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Hi I am new to using json, and that too in c++. Please help me with the following scenario in which I have a to write a data into the json key and corresponding to that the value.

My key is a structure with two values { int id & char * name} My value is also a structure with three values { int a, int b, int c }

I intend to put the key in json as { id:name } And value also separated by delimiter { a:b:c }

How is the conversion done from c++ structure to a json object? and read this created json object as a map again.

Any help would be highly appreciated.

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Well, you need to pick a JSON kit for C++. There are a bunch listed at json.org. Then you will create your data as a "nest" of C++ "map" and "list" objects, the specific classes varying with the kit you choose. But first go to json.org and spend the 5 minutes it takes to learn JSON syntax. –  Hot Licks Jan 18 at 4:12
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{ a:b:c } is not json syntax, and key can not be an object, key can only be double quoted string. see here to learn the syntax of JSON –  Daniel King Jan 18 at 4:25
    
So if I want to put a variable with these values, I can convert them to a string and then insert as key. String a = strcat(id.toString(),name) similarly the value also I may put as string ( say var b) and then have a object say { "mymap": [ { "key":a , "value":b }]} –  nandini Jan 18 at 4:54
    
@DanielKing - The JSON description at json.org is far easier to understand. –  Hot Licks Jan 18 at 13:52

1 Answer 1

up vote 0 down vote accepted

I second @Hot Licks about spending 5 minutes to learn the JSON syntax. Maybe even C++.

Assuming a key structure with id=1234 and name='nandini', it will be serialized to:

"{ 'id': 1234, 'name': 'nandini' }"

Ditto for the value structure, that will NOT have the format as you suggested but something like (for a structure with values 1, 2, and 3):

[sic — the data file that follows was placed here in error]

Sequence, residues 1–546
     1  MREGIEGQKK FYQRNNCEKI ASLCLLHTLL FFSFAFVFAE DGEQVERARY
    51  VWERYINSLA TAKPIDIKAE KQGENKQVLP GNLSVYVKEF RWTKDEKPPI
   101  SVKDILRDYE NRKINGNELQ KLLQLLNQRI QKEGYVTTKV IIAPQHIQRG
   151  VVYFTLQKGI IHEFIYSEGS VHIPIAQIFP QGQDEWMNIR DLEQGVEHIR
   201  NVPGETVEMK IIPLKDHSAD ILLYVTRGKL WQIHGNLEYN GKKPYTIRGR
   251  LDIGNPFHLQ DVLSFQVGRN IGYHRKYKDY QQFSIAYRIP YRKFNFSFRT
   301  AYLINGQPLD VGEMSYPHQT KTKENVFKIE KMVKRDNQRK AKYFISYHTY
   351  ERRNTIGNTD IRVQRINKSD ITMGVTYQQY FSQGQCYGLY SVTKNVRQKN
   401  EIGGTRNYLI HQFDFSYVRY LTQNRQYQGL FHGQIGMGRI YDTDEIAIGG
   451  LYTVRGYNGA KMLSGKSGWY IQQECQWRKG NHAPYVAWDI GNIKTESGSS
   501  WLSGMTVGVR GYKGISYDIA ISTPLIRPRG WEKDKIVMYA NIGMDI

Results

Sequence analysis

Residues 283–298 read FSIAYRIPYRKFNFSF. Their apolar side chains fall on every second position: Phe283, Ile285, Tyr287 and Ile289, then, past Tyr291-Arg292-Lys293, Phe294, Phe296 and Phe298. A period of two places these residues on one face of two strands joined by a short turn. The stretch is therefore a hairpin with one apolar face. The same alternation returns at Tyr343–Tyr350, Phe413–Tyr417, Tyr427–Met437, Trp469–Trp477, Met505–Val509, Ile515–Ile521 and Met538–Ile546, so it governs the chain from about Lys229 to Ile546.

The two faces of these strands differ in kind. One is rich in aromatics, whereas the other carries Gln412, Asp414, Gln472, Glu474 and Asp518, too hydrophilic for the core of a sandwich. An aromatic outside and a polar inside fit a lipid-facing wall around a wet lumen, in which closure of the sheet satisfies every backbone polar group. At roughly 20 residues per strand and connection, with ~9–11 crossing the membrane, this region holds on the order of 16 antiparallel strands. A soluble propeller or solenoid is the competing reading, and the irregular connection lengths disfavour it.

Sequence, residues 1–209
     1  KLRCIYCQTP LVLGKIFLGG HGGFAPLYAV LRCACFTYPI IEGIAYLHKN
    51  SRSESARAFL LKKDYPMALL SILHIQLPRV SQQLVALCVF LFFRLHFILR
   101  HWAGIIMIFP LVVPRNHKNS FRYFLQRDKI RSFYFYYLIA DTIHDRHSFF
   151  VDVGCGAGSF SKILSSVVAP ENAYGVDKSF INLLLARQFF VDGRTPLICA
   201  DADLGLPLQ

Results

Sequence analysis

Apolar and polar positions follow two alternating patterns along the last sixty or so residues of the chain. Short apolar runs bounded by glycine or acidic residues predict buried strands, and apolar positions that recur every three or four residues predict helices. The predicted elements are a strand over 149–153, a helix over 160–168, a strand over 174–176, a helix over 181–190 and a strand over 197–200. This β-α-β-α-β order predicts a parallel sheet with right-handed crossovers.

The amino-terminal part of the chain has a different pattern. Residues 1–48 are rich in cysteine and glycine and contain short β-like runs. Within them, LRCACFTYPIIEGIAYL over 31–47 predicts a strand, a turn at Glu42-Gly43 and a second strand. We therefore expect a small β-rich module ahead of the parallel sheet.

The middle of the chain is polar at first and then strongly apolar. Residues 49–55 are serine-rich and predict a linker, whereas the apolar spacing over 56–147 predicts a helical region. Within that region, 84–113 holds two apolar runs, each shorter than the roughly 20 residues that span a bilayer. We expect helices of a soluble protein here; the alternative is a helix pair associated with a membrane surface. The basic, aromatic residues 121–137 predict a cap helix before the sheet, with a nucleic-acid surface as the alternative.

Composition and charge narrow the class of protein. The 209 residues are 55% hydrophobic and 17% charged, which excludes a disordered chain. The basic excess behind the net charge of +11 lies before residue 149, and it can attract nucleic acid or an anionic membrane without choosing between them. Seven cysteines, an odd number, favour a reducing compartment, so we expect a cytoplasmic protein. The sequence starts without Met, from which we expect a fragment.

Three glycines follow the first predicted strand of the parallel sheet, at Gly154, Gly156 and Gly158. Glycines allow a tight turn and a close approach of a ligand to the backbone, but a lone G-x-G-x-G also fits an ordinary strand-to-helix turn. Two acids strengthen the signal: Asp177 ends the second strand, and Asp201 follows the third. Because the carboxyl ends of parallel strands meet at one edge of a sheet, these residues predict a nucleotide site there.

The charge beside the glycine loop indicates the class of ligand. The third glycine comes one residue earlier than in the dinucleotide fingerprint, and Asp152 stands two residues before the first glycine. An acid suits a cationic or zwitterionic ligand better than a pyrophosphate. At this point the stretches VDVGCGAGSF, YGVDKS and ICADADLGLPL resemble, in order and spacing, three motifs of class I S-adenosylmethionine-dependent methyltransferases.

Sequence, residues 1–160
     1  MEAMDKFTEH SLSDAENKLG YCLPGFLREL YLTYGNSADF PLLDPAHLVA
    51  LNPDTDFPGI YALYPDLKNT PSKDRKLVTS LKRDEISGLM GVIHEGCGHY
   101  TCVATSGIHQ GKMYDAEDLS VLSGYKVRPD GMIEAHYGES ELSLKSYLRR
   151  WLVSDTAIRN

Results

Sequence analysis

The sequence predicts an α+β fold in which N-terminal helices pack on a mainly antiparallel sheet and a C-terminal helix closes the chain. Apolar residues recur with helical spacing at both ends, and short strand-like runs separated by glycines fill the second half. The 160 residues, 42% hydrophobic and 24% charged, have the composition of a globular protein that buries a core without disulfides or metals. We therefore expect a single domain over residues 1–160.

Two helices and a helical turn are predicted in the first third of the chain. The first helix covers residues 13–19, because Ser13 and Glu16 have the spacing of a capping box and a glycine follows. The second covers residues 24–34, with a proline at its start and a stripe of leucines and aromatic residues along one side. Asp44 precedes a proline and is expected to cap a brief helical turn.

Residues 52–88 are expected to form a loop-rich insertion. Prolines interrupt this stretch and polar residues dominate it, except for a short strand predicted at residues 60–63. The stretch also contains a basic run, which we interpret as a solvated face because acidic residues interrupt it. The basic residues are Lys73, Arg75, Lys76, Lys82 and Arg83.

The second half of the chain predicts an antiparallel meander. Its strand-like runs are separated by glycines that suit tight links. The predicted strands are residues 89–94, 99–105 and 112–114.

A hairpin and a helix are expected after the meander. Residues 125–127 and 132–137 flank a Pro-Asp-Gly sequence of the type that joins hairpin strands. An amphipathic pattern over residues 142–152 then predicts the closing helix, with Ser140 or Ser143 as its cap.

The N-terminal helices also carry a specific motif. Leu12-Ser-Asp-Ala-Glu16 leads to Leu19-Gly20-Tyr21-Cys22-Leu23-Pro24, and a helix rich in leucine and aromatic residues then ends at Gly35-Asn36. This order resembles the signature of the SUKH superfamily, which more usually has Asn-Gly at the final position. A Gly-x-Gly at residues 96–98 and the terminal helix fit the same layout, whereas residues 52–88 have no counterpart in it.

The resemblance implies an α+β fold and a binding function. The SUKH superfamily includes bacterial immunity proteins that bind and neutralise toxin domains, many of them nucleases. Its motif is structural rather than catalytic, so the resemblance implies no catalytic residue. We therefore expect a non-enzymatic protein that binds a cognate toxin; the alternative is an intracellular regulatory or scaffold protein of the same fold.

"{ 'a': 1, 'b': 2, 'c': 3 }"

Serialization is easy. You can use whatever string building technique you like, including any variant of sprintf, or stringstream. You can of course use a Json library.

As for the mapping part, Json (or JavaScript for that matter) do not support a keys other than strings, like other languages. If you are using a library that supports std::map - then use it. Otherwise, you can come with something like an array of objects or similar. e.g.

"[ { key: {...}, val: {...} }, { key: {...}, val: {...} },    ...    ]

Then, upon deserialization, put the array into a map.

Deserialization will be trickier, and you should definitely look at a Json library. Take a look at this question: What's the best C++ JSON parser?

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@nandini - The above is (close as I can tell) correct. Most importantly you need to understand the distinction between "objects" (containing unordered sets of key/value pairs) and "arrays" (containing lists of individual items). And even when you're creating a relatively simple string you might as well use the tools, so you'll become familiar with them -- you pretty much have to use the tools on the receiving end. –  Hot Licks Jan 18 at 14:01
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Thanks everyone :) –  nandini Jan 19 at 4:55

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